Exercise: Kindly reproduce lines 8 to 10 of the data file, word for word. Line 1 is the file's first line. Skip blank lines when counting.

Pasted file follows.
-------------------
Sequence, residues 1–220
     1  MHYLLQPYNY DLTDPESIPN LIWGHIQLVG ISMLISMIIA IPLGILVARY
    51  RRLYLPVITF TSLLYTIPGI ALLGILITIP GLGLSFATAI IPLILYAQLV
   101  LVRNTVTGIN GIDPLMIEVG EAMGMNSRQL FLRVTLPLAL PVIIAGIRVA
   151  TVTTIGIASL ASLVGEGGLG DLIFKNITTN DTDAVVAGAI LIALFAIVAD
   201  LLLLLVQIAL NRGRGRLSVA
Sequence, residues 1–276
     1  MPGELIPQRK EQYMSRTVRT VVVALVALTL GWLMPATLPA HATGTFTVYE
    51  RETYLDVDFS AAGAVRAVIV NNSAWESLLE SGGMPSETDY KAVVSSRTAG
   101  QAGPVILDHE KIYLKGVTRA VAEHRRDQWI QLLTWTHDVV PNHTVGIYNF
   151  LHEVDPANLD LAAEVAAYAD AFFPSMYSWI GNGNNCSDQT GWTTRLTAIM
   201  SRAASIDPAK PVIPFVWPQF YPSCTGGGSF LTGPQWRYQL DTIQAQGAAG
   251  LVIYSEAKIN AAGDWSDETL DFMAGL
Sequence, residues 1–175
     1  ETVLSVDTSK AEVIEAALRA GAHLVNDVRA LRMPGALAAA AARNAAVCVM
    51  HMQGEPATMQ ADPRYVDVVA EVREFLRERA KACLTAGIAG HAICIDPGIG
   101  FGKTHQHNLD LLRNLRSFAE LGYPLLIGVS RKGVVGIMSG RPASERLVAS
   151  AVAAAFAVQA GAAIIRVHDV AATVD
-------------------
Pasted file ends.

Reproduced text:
     1  MPGELIPQRK EQYMSRTVRT VVVALVALTL GWLMPATLPA HATGTFTVYE
    51  RETYLDVDFS AAGAVRAVIV NNSAWESLLE SGGMPSETDY KAVVSSRTAG
   101  QAGPVILDHE KIYLKGVTRA VAEHRRDQWI QLLTWTHDVV PNHTVGIYNF